As I understand Mr. Kanduho’s preliminary objection he contends that following the conclusion of the NRM elections and the withdrawal of the suit against the NRM, the suit which was filed on 31-08-2010 during the tenure of the NRM Primary elections in the plaintiff’s capacity as one of the nominated candidates contesting the NRM Primary elections is untenable and irrelevant.
But as he rightly pointed out what becomes irrelevant is the prayer for declaration that the Defendant’s nomination for election as the NRM’s Parliamentary Candidate or Flag Bearer in the 2011 parliamentary elections is illegal and therefore null and void. The prayer for a declaration that the 1st defendant has not completed a minimum formal education of Advanced Level standard is alive. This is what this Court is required to try and forms the subject of what the parties failed to agree as an issue. It is an issue that Court has to investigate and determine irrespective of whether the elections were concluded or not. That is what made the presence of the NRM irrelevant.
The second leg of Mr. Kanduho’s submissions was that this was a pre-polling petition which is incompetent before this Court because all complaints to do with pre-polling matters have to be lodged with the Electoral Commission whose decision is appel
lable to the High Court. He cited the authority of MUZOORA AMON R.K VS- THE NATIONAL RESISTANCE MOVEMENT ORGANISATION & 2 OTHERS where his Lordship V.T Zehurikize discussed at length the application of section 15 of the Electoral Commission Act and Articles 64(1) and 61(1) (f) of the Constitution of the Republic of Uganda and came to the conclusion that the Electoral commission had the mandate to hear complaints arising out of any irregularity in a pre-polling process.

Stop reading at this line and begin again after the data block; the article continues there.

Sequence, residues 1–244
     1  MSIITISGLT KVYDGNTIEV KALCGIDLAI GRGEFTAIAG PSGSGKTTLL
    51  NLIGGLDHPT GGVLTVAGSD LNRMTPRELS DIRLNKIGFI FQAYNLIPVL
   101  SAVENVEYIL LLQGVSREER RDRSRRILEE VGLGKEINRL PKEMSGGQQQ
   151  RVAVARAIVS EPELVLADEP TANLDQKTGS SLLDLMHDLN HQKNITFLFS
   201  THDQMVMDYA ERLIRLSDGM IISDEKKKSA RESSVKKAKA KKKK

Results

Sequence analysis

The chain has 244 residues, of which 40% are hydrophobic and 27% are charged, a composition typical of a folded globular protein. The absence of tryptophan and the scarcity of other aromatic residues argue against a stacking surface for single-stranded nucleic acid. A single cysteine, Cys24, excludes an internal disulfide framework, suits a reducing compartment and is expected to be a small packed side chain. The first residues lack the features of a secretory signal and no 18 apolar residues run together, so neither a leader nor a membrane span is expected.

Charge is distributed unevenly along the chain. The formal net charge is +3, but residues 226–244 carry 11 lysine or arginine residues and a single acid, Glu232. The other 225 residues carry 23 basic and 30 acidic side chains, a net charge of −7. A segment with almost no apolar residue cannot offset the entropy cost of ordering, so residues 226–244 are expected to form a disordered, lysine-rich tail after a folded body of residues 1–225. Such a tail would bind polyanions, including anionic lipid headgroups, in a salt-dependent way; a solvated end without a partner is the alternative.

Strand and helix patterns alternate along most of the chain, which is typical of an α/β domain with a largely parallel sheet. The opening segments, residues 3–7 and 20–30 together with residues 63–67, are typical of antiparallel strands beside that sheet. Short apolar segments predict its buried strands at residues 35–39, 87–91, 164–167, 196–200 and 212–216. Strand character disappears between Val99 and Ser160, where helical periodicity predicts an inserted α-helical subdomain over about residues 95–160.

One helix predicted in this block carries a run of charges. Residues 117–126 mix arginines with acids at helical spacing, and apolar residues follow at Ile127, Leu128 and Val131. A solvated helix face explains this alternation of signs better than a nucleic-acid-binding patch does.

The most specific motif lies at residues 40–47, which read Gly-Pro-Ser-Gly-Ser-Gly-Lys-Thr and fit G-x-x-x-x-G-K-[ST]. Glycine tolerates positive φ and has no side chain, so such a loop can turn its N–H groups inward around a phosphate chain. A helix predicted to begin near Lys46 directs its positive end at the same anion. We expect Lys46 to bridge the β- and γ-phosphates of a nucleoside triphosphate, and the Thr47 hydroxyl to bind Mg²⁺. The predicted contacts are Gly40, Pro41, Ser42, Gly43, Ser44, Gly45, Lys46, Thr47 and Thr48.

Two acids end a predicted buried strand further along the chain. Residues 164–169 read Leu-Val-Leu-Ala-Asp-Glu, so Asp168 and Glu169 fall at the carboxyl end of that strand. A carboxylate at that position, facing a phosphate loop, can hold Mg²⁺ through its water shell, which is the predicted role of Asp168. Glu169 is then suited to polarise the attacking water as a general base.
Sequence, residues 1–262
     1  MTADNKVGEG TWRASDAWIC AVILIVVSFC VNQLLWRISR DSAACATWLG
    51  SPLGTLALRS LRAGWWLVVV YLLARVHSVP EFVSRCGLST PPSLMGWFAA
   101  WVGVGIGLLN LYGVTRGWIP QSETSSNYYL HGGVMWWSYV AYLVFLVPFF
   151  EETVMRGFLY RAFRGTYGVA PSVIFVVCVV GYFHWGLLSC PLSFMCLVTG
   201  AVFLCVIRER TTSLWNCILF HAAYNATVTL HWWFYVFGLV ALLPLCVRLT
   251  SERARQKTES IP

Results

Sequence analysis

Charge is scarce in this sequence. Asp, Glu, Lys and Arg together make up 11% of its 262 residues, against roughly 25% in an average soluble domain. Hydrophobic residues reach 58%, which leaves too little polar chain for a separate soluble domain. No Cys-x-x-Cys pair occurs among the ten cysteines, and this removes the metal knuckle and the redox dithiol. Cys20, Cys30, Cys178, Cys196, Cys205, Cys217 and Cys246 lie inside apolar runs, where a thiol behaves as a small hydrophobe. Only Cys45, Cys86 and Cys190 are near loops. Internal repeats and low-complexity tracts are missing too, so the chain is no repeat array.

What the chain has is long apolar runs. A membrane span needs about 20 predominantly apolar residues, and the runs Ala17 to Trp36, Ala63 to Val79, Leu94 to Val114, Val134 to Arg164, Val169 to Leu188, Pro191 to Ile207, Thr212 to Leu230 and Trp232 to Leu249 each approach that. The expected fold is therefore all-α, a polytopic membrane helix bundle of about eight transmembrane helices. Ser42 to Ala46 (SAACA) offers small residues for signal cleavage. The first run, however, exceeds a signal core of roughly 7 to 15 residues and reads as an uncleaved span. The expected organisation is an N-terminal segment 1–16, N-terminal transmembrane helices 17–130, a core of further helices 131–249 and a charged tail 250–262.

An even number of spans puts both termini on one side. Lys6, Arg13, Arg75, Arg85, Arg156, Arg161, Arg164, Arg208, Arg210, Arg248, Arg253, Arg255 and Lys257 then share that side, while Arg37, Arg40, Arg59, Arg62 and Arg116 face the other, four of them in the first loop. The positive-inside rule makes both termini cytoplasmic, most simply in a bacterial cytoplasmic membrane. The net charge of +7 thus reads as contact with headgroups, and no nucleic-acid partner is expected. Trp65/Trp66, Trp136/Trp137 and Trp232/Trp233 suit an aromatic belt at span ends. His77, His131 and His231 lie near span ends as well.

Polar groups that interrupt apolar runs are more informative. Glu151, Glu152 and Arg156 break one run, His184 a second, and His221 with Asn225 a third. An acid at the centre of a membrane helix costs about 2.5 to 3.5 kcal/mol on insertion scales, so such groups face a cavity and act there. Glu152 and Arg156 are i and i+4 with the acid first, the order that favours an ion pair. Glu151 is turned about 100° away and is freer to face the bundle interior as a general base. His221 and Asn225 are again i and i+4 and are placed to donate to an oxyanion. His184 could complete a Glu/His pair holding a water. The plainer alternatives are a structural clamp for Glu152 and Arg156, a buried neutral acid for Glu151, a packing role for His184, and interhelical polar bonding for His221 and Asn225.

If I may reproduce the provision of S. 15 of the Electoral Commission Act it provides as follows:-
“(1) Any complaint submitting in writing alleging an irregularity with any aspect of the electoral process at any stage, if not satisfactorily restored at a lower level of authority, shall be examined and decided by the Commission, and where the irregularity is confirmed, the Commission shall take necessary action to correct the irregularity and any effects it may have caused.
(2) An appeal shall be to the High Court against the decision of the commission confirming or rejecting the existence of an irregularity.
(3) The appeal shall be made as way of petition, supported by affidavits of evidence which shall clearly specify the declaration that the High Court is being asked to make.”
This Court is not being asked to try an irregularity that would be within the exclusive jurisdiction of the Electoral Commission. It is being asked to investigate an alleged illegality where both parties have lined up a number of witnesses. The trial may entail cross examination of these witnesses which may not have been envisaged when the Electoral Commission is addressing complaints alleging irregularities. I do not agree that if this Court proceeded to hear this suit it would have ousted itself of its appellate jurisdiction to hear appeals from the Electoral Commission and that it would have opened flood gates for pre-polling election petitions. This Court would, like in the case of Amon Muzoora Vs- The National Resistance Movement Organisation and two others (supra) throw out these matters that the Electoral Commission has the mandate to handle without necessarily ousting itself of its own unlimited jurisdiction.
In conclusion I find that the preliminary objection raised by Counsel for the defendant has no basis and it is dismissed. The costs will abide the outcome of the main suit.
J U D G E
Kanduho for defendant in Court